Determining Actual Cost - A Challenge For You

Thursday, June 16, 2011

{Earlier this week I wrote a bit about the concept worth in small creative businesses. Specifically, recognizing that worth goes beyond price but includes many intangible variables.  It's important for us to really grasp that notion and avoid selling ourselves short. A part of that process however, does include number crunching, determining the actual cost of your items. It's a task that feels more like a challenge probably....I've talked to some folks who flat out refuse. But honestly, I think it's a critical first step in establishing your worth and developing pricing.  Here's an updated and simplified article I wrote last year showing all the components of actual costs. Happy number crunching! }

First, let's start off by noting that pricing might just be one of the most difficult + personal aspects of starting & running your creative business. It's tempting to compare yourself to others. Don't. It's easy to second guess yourself. Don't. It's quick to be cheap. Don't.
So then, what should we do?

Well, start off by writing down the actual cost to make your item. I mean actual. Every last cent that goes into creating your pretty little gizmo. Here's where it's easy to short change yourself. But again- don't.  For nearly a year my husband urged me to do this. I avoided it. Finally, I acknowledged his MBA and gave in.  I sat down and crunched some numbers.The results were so astonishing-  at first I wanted to cry....but then seeing the numbers in black in white inspired me to make some serious adjustments and improvements....and led to a more successful business.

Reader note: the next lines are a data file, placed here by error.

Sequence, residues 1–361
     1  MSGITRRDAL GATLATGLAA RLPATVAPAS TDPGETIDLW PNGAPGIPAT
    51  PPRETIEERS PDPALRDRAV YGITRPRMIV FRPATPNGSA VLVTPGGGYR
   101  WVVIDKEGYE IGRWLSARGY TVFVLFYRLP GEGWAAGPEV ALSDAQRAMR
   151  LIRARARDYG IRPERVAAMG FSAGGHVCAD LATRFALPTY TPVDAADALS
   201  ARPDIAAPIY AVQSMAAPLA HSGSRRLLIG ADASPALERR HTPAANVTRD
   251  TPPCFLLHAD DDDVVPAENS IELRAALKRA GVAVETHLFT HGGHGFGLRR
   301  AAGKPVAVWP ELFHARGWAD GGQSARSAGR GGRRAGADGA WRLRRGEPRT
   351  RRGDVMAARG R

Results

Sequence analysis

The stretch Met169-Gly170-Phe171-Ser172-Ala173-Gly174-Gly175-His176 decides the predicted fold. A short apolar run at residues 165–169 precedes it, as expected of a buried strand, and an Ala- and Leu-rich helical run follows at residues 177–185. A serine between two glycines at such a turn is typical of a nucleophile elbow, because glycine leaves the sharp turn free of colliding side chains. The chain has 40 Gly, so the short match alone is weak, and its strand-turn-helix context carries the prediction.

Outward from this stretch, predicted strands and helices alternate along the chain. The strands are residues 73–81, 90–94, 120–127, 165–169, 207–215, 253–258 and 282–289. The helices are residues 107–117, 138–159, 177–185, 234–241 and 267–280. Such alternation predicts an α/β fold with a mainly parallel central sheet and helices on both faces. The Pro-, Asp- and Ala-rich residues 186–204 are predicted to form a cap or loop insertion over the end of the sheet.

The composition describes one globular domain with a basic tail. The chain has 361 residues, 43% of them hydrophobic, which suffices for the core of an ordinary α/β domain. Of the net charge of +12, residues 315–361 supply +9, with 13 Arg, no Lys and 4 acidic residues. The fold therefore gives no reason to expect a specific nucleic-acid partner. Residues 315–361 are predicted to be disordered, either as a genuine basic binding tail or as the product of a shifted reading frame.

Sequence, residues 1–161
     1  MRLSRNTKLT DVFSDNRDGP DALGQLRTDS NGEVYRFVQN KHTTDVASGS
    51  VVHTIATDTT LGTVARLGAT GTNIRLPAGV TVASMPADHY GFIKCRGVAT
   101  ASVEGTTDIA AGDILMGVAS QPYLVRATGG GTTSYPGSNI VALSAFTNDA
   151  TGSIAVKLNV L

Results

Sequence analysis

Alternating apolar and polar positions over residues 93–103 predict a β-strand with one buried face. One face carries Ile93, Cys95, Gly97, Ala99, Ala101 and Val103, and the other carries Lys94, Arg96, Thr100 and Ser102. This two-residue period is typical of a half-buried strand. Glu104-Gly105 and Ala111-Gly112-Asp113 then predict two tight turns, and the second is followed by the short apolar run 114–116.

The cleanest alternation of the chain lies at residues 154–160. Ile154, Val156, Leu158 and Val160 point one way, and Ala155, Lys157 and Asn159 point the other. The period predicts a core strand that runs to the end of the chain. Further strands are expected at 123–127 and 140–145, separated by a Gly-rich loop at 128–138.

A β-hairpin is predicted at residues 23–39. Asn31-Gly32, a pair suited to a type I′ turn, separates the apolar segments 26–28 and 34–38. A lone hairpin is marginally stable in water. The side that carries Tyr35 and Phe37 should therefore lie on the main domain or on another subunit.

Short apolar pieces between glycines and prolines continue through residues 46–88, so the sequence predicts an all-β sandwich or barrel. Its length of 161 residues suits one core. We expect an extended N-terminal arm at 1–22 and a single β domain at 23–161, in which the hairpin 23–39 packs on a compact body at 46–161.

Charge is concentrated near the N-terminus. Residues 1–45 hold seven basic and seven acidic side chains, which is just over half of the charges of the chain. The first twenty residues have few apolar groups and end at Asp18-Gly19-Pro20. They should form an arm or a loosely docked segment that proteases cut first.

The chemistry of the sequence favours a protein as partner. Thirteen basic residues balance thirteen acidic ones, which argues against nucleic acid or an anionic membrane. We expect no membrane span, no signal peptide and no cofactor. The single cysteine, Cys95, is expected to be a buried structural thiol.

So....let's go through an example and pretend you make pretty patchwork aprons. Here's what your breakdown of actual costs might look like:

Supplies Cost:
1 yard fabric = $8 
fabric scraps = $2
1 yard of ribbon = $2
 Thread = .02  (200 aprons per $4 thread spool)
Garment Labels = .10 ($500 for box of 5,000 labels)

Production Cost:
Use of sewing machine = .10 (approx. 1000 aprons for every $100 maintenance fee)

Packaging Cost:
Tissue Paper= .02 ($2 box of 100)
Hang Tag = .04  ($40 box of 1000 tags)
Business Card= .05 ($25 for 500 cards)
Mailer = .03 ($30 for 1000 mailers)

Labor Cost: {for this example we'll use $10 per hour}
Cut & prepare materials = $2.50 (1/4 of a $10 hour)

Sew 1 patchwork apron = $10 (one $10 hour)
Package 1 patchwork apron = $1 (1/10 of a $10 hour)

Total =$25.86

This means that the actual cost of making each apron is $25.86Note, this does not include Etsy & PayPal fees or time spent listing and marketing. 

Wow! See what I mean?  The actual cost sure seems high, but there is power in just knowing the true cost of your item. It makes decisions about pricing, offering discounts, giveaways, or establishing wholesale accounts a lot easier.  Plus, it is absolutely critical in determining the long-term sustainability of your business. 

So, what now? Well, more than likely you'll need to make some adjustments- raising your prices, establishing your worth, improve your sourcing of materials to lower your actual costs. But seriously, dust off the calculator, grab a cup of coffee and hunker down to crunch some can thank me later ;) 


Anonymous said...

holy-smack-to-the-face, Batman! After seeing these numbers, I need to make myself an ice cream sundae. Excuse me for a moment.

Linda said...

What a great reminder to us all! People who do not "create" have no idea what it costs to make things. They see mass produced items that are sold for a song and expect everything to be that cheap. I once had a lady ask for one of those $10" quilts on my website! (It was actually a pattern). I tried to explain to her that it costs well over $100 to even make a quilt, not to mention the hours and hours to work on it. Crafters and artisans who sell their work cheaply make it extremely difficult for those of us who value our work and time to get a fair price.

abi said...

I've been looking for someone like you! I run a small creative business out of my home and all the blogs I've found are either Donald Trump businessy or Super Duper Mommy. So glad to finally see a balance of creativity, family, and business. I'll be stalking you now ;) Btw, found you through 20best20.

abi zimmerman